And trust is just another word for faith. What Jesus is telling us in such shockingly strong terms is that following him, discipleship, means letting go, loosing our hold, giving up our control, of everything – everything, even those people that are infinitely dear to us – and trusting that we will land safe and sound in his loving arms. He isn’t telling us to stop loving anyone, or to neglect them, or to turn our backs on them. He is telling us that if we are willing to let go they will all be safe in his loving hands. To count the cost is to answer God’s question, “Do you trust me? Just me?” Discipleship is taking that leap of faith.

But it isn’t a blind leap of faith. Hear the words of God that speak to our greatest fears of letting go: When we feel alone and lost, hear the words of David in Psalm 139, “O Lord, you have searched me and known me! You know when I sit down and when I rise up; you discern my thoughts from afar…Where shall I go from your Spirit? Or where shall I flee from your presence? If I climb up to heaven, you are there! If I lie down in the place of the dead, you are there! If I take the wings of the morning and dwell in the remotest parts of the sea, even there your hand shall lead me, and your right hand shall keep hold of me.”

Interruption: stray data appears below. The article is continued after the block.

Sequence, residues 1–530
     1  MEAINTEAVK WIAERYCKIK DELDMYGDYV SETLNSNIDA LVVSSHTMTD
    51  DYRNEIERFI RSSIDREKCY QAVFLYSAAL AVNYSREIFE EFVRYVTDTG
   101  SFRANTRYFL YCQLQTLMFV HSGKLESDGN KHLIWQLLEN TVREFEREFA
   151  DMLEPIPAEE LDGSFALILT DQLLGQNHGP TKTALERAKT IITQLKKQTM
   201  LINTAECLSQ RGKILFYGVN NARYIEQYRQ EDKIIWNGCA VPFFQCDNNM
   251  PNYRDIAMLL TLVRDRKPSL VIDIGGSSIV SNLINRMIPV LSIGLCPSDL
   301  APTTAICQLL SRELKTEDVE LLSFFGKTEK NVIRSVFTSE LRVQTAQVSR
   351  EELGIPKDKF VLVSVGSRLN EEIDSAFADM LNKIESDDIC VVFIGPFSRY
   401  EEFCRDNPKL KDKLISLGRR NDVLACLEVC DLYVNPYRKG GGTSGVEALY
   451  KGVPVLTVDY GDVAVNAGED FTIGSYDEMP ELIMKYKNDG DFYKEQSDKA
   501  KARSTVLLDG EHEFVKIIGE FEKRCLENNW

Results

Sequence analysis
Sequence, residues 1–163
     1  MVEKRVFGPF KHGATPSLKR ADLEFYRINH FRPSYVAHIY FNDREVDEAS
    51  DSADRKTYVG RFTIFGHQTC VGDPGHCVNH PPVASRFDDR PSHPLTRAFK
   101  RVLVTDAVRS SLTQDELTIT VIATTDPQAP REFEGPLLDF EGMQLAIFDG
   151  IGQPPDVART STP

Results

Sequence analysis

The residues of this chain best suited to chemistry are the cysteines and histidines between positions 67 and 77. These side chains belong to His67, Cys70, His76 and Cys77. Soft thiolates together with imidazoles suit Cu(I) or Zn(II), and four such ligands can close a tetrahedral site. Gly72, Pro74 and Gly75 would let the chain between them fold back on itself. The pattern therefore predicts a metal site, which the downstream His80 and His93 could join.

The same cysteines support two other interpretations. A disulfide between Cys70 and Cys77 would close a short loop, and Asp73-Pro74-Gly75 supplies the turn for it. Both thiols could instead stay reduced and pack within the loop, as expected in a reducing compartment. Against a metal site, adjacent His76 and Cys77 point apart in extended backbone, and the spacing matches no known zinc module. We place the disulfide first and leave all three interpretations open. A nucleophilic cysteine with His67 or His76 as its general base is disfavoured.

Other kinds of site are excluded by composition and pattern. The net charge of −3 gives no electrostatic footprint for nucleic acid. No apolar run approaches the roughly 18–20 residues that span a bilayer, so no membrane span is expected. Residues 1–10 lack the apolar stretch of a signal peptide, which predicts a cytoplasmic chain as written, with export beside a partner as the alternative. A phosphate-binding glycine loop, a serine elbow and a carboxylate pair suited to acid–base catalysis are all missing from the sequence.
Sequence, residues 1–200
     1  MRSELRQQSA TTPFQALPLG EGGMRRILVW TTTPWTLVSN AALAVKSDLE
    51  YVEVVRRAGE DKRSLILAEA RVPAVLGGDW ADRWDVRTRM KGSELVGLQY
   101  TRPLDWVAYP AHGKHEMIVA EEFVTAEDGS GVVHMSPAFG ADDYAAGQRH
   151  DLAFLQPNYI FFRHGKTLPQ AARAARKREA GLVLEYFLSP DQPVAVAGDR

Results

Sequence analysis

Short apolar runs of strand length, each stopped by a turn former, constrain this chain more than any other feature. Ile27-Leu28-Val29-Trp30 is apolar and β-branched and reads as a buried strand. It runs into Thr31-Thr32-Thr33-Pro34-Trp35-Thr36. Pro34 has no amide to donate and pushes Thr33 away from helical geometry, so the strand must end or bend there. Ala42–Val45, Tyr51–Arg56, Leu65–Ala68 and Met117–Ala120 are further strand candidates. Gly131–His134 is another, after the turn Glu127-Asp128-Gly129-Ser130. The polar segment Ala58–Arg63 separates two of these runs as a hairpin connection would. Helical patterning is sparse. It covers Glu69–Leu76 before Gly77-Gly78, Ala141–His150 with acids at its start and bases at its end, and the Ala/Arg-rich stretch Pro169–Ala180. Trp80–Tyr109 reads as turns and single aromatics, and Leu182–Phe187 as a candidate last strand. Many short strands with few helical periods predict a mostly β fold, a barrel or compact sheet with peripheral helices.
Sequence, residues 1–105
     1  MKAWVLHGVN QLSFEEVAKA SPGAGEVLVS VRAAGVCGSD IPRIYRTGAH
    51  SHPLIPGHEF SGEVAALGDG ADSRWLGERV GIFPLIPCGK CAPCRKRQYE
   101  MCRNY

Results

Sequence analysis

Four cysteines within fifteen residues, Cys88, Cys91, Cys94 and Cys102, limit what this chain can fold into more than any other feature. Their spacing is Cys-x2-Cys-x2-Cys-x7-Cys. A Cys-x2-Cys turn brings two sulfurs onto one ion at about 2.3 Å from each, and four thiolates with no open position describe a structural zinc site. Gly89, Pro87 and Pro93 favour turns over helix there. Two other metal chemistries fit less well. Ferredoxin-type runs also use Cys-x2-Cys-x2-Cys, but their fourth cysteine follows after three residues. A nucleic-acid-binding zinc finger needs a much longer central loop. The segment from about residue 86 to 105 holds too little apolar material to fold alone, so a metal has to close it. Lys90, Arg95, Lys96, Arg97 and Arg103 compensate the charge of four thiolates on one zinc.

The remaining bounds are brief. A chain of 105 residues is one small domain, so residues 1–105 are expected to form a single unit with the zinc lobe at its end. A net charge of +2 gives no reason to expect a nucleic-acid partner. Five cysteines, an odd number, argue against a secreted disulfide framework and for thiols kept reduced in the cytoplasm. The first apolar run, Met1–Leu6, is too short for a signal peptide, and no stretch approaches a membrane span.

When we feel weak and vulnerable, hear the words of Psalm 46, “God is our hiding place and our strength, a very present help in our troubles. Therefore we will not fear even though the earth gives way, even though the mountains fall into the depths of the sea, even though the waters of the sea roar and foam, even though the mountains tremble at its swelling. ‘Be still, and know that I am God. I will be honored among the nations, I will be honored in the earth!’ The Lord of hosts is with us; the God of Jacob is our place of refuge.”

And when the future looks dark and threatening and hopeless, as it sometimes does, hear the words of our Lord, “Be sure of this: I am with you always, even to the end of the world.”

Discipleship is not just for the ones who are good enough and pure enough and strong enough and holy enough to stay the course. And it’s not a brainless leap of faith in the dark. Here’s what Jesus tells us about being a disciple: discipleship costs us exactly everything. Being a disciple requires us to let go of everything we are, and everything we have, and especially everything we love: our precious family, our close friends, our self-importance and our security. But that letting go rests on just one thing, the most sure thing in the whole world – that our Father, who holds all things and all people, past, and present, and future, will always catch us safely in his loving arms. When we choose to make the leap into discipleship it is not because we are brave or holy or good; it is because there is nothing wiser, nothing more sure, nothing more sane, than entrusting everything and everyone that we love, and our very selves, and the whole course of our life, into the hands of our God. +